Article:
Plenty of Fish: St. John’s Fish Exchange Open on Water Street

"Anything that you can name that’s out of the ocean, we’ve got it on a fresh basis."

We’re in the capital city of an island province with an historic attachment to the fishery, so where’s all the seafood at? 

“There’s lots of great St. John’s restaurants that serve seafood, but no great destination seafood restaurant,” says owner and restauranteur Robert Moore. “I just thought it was a phenomenal site for a seafood restaurant.”

Photos Courtesy of St. John's Fish Exchange
Photos Courtesy of St. John’s Fish Exchange

Now open at 351 Water Street, the restaurant occupies part of the bottom two levels of the six-storey office building, with nearly every seat in the house getting a view of the harbour.

The restaurant is named for the empire of fish merchant Edwin Duder (namesake of Duder’s Lane, where the restaurant is located). That original fish exchange was an inspiration for Moore when he ventured out on his own from his previous partnership at Legros & Motti to begin SJFX with co-owner Justin Garland.

In the months before opening, the team has worked to find viable markets so they can supply a quality fresh seafood restaurant year-round. “The local market has gotten tremendously better over the past four or five years,” says Moore.

“In times when fresh seafood isn’t available locally, we go to our first fallback which is Atlantic Canada, out of the Maritimes, along with connections to the Boston market… anything that you can name that’s out of the ocean, we’ve got it on a fresh basis.”

That bountiful catch means a menu that goes beyond your usual fish and chips. “Alaskan king crab, cod, halibut, sea bass, lobster … mahi mahi, swordfish, shark,” lists Chef Maurizo Modica. “We also have the usual stuff: chicken, ribs, and steaks.”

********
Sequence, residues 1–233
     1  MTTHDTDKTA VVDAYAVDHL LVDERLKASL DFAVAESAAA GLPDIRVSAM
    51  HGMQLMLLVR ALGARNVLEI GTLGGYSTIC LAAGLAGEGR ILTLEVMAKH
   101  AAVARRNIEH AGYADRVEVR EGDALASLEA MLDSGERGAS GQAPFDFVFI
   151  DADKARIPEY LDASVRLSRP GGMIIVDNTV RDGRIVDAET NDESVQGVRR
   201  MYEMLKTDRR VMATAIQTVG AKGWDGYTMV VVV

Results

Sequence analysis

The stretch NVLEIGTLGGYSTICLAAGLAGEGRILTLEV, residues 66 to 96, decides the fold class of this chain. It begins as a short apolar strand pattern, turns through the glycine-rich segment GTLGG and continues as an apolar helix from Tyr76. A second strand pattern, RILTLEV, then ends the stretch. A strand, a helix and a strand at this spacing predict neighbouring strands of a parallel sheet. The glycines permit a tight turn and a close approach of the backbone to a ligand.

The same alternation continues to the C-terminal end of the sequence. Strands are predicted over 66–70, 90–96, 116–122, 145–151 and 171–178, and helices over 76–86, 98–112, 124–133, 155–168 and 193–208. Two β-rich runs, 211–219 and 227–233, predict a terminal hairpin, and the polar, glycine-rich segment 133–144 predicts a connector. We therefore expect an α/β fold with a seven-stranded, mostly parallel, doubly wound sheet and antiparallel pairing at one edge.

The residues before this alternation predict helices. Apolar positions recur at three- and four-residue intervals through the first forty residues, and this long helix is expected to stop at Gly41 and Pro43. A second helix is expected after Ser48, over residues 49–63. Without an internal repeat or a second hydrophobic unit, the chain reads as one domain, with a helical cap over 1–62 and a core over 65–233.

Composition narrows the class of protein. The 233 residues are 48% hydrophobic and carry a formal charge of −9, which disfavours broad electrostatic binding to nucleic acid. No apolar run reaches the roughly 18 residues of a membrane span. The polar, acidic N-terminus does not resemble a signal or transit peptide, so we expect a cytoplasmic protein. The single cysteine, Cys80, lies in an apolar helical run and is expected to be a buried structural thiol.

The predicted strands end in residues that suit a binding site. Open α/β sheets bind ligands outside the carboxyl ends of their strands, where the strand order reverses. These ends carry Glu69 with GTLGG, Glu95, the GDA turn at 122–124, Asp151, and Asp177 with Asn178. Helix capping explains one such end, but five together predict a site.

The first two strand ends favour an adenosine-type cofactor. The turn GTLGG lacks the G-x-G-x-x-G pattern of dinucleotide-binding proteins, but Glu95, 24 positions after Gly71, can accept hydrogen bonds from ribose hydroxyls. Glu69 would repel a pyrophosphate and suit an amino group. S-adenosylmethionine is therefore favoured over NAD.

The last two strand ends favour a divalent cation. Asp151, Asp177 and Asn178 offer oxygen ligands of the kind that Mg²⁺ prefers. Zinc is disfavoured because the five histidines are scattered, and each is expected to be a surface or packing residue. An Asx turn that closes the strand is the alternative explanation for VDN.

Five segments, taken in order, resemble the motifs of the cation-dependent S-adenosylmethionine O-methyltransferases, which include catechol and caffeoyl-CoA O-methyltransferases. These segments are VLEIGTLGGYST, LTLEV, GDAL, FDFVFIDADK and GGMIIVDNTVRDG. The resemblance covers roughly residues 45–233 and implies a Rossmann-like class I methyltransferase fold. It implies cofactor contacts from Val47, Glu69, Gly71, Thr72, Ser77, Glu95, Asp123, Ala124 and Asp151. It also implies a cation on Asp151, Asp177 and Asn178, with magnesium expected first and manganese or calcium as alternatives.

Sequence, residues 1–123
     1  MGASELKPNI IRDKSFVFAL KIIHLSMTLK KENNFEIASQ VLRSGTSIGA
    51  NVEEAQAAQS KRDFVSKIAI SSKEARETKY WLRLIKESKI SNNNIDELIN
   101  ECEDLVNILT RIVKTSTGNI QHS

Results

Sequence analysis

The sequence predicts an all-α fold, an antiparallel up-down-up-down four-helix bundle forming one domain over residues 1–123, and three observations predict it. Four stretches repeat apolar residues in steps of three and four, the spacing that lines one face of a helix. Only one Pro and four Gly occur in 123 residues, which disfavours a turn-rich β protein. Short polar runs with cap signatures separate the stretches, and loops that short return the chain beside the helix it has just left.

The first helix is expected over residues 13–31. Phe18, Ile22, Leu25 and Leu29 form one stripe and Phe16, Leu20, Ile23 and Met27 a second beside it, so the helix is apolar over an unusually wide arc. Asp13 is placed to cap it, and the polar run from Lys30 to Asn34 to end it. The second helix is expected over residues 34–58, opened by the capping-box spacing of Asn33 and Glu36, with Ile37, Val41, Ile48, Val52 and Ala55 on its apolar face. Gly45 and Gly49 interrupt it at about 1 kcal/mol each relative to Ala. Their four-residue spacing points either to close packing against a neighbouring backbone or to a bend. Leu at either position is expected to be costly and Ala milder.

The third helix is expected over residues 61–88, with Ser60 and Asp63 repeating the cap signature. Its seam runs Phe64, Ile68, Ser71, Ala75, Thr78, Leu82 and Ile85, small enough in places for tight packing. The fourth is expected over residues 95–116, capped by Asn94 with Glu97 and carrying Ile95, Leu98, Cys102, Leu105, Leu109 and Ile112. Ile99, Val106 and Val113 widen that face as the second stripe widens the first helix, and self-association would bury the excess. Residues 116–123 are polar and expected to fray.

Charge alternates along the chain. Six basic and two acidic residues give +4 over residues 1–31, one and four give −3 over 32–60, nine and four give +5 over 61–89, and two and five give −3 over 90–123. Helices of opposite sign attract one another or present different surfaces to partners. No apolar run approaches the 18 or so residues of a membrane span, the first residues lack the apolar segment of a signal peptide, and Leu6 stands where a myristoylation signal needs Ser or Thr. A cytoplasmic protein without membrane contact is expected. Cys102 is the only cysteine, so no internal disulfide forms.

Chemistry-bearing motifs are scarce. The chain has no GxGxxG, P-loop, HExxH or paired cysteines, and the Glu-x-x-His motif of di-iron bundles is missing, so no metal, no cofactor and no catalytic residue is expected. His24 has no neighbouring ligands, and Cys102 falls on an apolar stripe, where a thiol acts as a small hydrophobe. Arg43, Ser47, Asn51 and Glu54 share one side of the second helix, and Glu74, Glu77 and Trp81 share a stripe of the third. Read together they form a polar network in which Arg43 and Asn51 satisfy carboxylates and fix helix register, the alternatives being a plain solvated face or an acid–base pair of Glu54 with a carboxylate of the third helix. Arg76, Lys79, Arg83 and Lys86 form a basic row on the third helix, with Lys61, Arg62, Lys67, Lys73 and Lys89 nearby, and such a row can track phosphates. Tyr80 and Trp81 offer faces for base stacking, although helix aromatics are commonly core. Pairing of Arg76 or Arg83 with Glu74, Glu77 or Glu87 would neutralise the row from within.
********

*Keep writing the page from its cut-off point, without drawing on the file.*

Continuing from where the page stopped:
To meet the goal of being a seafood destination in a fishing town, Chef Maurizo, along with sous chef Dave Jones, stacked the menu with local favourites like cod tongues, fish and brewis, and their own take on Jiggs dinner.

“It’s deconstructed,” says Chef Maurizio, of the seared cod, served with pease pudding, turnip, cabbage and carrot cooked in salt beef broth. “For any Newfoundlander, they’ll recognize the flavours are there, but with restaurant presentation.”

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Chef Maurizio favours the lobster mac and cheese. “Coming from the south of Switzerland and family from Sicily, my style of cooking is Mediterranean, so certainly my flairs are towards the pastas and those dishes.”

Co-owner Justin Garland says they wanted to extend the local theme to the bar area. “The Caesar with the salt beef jerky and the Brigus martini with the fresh local NL blueberries… it’s about Newfoundland staples: Your Purity syrup, your jam jams, your Screech…”

“We’re casual. We want to be open for locals and the tourist crowd,” likening the vibe to the Keg. “It’s just about good fresh seafood.”

St. John’s Fish Exchange is open at 351 Water Street

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3 Comments

  • Unbelievably delicious! Wow! One of the best dishes I’ve tasted yet. Service was phenomenal,& the atmosphere and view are breathtaking. If you haven’t been to SJFX yet, you must go!

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